(photo credit: Associated Press)
Nobel Prize in Medicine winner Dr. Robert Edwards’s antipathy for the Jews of Palestine dissolved into great admiration for the Jewish state in 1989, thanks to a two-hour car tour with Kitty Schenker, the wife of Hadassah-University Medical Center obstetrician and gynecologist Prof. Joseph Schenker, who had invited him to a Jerusalem conference on in-vitro fertilization.
Edwards’s anger against the Jews, The Jerusalem Post learned on Monday, was kindled when he was a young British Army soldier in Mandatory Palestine in 1947. Two British sergeants were killed by the underground Jewish organization Etzel (Irgun Tzvai Leumi) in retaliation against the British authorities, who had implemented death sentences against Irgun members who had been charged with terrorism.
IVF inventor Robert Edwards wins Nobel Prize
State orders Maguire to leave immediately, denies appeal
Editorial: The disingenuous Nobel laureate
The sergeants’ boobytrapped bodies were hung in an eucalyptus grove near Netanya, prompting British troops and policemen to go on a rampage in Tel Aviv, where five Jews were killed.
The “Sergeants Affair,” as it became known, also triggered anti-Semitic rioting in some British cities.
Edwards, who was a member of the same platoon as the dead sergeants, Clifford Martin and Mervyn Paice, was so angry at their deaths that he strongly opposed the State of Israel.
Joseph Schenker, who was for years head of the Hadassah’s
obstetrics/gynecology department, delivered the first Israeli test-tube
baby in Jerusalem in 1981 – three years after the birth of the world’s
first, Louise Brown. This embryo was produced in England by invitro
fertilization (IVF) by Edwards and his colleague Dr. Patrick Steptoe.
was a boy, and I pledged to his mother that I would never divulge her
name, because she thought her son would be embarrassed by how he was
conceived,” Schenker recalled.
Schenker, who is today president of the International Academy of Human Reproduction, told the Post
on Monday that he met “Bob,” now 85, at conferences abroad, and even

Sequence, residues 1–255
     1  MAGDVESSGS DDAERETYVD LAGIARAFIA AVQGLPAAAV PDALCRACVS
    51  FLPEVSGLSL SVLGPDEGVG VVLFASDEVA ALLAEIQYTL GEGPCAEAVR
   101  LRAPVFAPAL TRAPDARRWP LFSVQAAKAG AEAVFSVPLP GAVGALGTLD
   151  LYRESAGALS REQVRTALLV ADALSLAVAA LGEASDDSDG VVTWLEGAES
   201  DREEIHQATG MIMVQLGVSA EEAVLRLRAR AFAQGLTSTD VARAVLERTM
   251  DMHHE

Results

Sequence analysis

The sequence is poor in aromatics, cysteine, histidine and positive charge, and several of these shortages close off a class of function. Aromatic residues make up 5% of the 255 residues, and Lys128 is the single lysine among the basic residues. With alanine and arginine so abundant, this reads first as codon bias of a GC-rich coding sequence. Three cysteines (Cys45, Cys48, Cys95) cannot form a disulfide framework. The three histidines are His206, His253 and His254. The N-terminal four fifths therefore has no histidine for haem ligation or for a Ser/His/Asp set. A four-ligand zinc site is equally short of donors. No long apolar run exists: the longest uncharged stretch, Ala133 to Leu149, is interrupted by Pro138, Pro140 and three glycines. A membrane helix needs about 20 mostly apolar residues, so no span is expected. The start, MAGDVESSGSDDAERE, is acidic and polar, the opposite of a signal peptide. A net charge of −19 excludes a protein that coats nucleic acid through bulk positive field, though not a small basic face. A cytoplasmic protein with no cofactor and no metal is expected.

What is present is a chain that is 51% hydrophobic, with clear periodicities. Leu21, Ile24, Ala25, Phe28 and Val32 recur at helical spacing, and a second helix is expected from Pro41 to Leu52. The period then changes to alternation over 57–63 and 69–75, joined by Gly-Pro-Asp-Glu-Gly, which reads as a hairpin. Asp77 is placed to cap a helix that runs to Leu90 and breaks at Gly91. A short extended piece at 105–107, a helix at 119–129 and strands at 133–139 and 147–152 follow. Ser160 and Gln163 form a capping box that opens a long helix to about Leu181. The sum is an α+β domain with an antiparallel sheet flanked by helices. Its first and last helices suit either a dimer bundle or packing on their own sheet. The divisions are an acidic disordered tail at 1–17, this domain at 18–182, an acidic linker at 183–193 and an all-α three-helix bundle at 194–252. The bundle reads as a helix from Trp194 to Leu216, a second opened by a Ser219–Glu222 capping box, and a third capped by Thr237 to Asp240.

nominated him for the Nobel Prize for Medicine 15 years ago.
he did not receive it before, because the Nobel academy members were
angry at him and Steptoe for keeping the IVF process secret until they
decided later to release the information.”
Steptoe, who died in
1988, could not receive the award posthumously, as only living persons
can be Nobel laureates, Schenker explained.
When the IVF
conference was scheduled at the then-Hilton Hotel in Jerusalem (now the
Crowne Plaza) in 1989, Schenker invited Edwards, who initially refused
to come, claiming Israelis “persecuted” Arabs. But when international
pressure built up, he “arrived on the second day.” Edwards refused to
address the conference and kept to himself at the hotel.
Schenker’s wife, Kitty, volunteered to take Edwards on a tour in her
car. She took him to the Old City, Abu Ghosh and elsewhere, where he saw
how the Arabs lived well and were prospering.
“From then on, he had changed views of Israel,” Schenker recalled.
Edwards even invited Schenker to serve on the board of a medical journal he edited.
Schenker has just published a 600-page, Hebrew-language volume called Promoting Health of Women
, in which he gives much credit to Edwards and Steptoe.
produced a revolution,” he said on Monday. “Four to five million
children were born thanks to their IVF technique, and today, two percent
of all Israeli births are produced by IVF. It has been a blessing."
there are any more complications in IVF babies,” the Jerusalem
gynecologist said, “it is among those deliveries that are multiple
births, which means that they are usually born prematurely. But there is
no proof that singleton IVF babies have any more difficulties than
those conceived naturally.”
He added that Israel – with its very
positive view of fertility – has two dozen IVF clinics and one of the
highest rates of IVF pregnancies in the world.